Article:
Other jurisdictions have not resolved the problem of determining executive government claims of public interest immunity so as to avoid the defect of the government being the judge in its own cause.
In most jurisdictions with “Westminster” systems of government, the executive government controls the lower house and the question arises only occasionally in second chambers not under government control, so that there has been no regular solution found.
In 1998 and 1999 the New South Wales Legislative Council succeeded in extracting information from the government by suspending the Treasurer, a member of the Council, from service in the Council, its power to do so having been upheld by the Court of Appeal: Egan v Willis and Cahill 1998 158 ALR 527; Egan v Chadwick and others 1999 46 NSWLR 563. Following this case the Council adopted the procedure of appointing an independent arbiter to assess any claims of public interest immunity arising from orders for documents. This procedure has worked successfully in several cases.
The Houses of the United States Congress, which operate independently of the executive, have not found a satisfactory remedy, although they are usually successful in practice in extracting evidence from reluctant administrations. As noted in Chapter 2, the US Houses possess inherent powers to require the attendance of witnesses, the giving of evidence and the production of documents, and to punish contempts. They have enacted a statutory criminal offence of refusal to give evidence. They may also seek to have their requirements enforced through the courts by civil process. In serious cases of conflict between the Houses and the administration over the production of documents, administration officers are “cited” for contempt, but these matters usually end in some compromise and with documents handed over. In some cases, presidents have successfully withheld documents from the Houses. The courts, while suggesting some constitutional basis for executive privilege, and accepting jurisdiction in particular cases, have not become involved in determining specific claims of executive privilege. (Senate Select Committee v Nixon 1974 498 F 2d 725; US v Nixon 1974 418 US 683; US v AT&T 1977 567 F 2d 121; US v House of Representatives 1983 556 F Supp. 150; In re Sealed Case 1997 121 F 3d 729; Committee on the Judiciary, US House of Representatives v Miers, 31/7/2008, not reported). Contests between Congress and administration are generally left to “the ebb and flow of political power” (Archibald Cox, quoted in report of Committee of Privileges, PP 215/1975, p. 47).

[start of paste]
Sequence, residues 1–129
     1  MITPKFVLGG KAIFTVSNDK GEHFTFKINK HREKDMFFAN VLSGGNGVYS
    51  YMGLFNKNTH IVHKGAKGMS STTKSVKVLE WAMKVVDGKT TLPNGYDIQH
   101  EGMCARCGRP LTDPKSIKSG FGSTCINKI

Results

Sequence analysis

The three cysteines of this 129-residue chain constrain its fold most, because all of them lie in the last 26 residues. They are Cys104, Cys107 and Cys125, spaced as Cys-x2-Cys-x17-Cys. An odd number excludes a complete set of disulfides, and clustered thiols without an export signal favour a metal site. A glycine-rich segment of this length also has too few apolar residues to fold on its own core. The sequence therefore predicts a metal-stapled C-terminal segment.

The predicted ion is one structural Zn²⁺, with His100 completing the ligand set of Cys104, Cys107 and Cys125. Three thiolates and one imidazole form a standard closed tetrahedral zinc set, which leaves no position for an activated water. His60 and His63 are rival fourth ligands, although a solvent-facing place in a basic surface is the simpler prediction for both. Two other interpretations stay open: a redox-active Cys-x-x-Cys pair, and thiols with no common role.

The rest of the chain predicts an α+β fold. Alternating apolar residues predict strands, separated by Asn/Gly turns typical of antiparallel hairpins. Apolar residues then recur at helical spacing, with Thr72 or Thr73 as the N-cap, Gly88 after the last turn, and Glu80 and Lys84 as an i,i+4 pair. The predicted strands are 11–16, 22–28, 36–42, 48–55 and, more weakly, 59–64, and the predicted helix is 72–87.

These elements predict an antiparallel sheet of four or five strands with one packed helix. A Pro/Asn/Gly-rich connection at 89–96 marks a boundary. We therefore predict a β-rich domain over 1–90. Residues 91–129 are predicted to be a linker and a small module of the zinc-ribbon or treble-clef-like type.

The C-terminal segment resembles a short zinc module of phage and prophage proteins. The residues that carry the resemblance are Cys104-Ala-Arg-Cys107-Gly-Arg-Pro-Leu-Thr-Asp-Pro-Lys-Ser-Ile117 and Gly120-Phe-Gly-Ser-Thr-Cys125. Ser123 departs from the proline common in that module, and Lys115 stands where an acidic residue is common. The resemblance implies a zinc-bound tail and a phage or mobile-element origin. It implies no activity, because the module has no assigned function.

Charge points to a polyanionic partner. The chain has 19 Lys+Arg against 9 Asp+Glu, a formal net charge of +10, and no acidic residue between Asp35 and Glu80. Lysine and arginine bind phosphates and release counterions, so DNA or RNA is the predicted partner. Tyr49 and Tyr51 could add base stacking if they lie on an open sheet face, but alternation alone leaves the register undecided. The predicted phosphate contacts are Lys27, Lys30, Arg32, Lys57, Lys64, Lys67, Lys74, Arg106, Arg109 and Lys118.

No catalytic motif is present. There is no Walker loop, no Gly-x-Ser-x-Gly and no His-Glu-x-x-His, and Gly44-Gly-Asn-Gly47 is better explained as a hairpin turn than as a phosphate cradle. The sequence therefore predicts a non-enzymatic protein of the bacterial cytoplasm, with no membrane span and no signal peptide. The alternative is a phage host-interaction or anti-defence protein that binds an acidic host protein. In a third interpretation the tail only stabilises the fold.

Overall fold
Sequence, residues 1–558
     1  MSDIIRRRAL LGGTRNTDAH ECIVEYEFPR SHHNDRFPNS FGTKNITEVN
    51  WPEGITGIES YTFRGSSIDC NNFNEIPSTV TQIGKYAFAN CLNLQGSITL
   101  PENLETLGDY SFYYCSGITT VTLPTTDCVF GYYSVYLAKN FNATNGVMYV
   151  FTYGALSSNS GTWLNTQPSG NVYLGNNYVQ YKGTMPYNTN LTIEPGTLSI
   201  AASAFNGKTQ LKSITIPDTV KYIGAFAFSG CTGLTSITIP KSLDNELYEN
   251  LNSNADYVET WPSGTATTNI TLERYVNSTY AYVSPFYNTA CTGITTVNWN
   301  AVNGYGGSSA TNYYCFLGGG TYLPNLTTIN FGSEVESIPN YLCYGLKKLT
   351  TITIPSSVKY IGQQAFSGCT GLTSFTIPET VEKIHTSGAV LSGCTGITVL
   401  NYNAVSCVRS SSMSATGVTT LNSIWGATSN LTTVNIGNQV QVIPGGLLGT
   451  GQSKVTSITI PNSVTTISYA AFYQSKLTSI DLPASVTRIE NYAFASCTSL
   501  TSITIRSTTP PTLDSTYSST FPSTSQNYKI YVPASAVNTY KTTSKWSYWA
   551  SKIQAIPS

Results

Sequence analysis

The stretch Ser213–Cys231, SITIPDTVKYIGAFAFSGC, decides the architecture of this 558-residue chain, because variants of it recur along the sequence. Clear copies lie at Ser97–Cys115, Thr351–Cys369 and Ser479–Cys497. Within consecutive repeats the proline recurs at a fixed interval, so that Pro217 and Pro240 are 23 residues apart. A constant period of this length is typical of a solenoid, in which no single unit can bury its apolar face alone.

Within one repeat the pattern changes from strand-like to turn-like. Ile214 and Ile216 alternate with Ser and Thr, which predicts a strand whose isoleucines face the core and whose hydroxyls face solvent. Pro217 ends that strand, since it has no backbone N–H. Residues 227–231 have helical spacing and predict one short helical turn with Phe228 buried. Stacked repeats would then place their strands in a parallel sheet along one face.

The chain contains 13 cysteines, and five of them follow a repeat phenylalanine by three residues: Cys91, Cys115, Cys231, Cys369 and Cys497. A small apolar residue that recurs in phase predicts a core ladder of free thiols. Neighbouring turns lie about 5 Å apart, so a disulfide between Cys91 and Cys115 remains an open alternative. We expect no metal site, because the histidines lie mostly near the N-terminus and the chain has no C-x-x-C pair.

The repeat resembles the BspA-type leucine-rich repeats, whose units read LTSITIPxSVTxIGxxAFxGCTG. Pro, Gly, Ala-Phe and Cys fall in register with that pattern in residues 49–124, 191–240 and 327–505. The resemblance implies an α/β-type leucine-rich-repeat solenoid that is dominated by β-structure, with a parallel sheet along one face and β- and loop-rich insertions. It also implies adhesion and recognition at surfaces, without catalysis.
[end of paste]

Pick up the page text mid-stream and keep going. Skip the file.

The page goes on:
While the public interest and the rights of individuals may be harmed by the enforced disclosure of information, it may well be considered that, in a free state, the greater danger lies in the executive government acting as the judge in its own cause, and having the capacity to conceal its activities, and, potentially, misgovernment from public scrutiny. It may also be considered that a representative House of the Parliament is the best judge of the balance of public interests.
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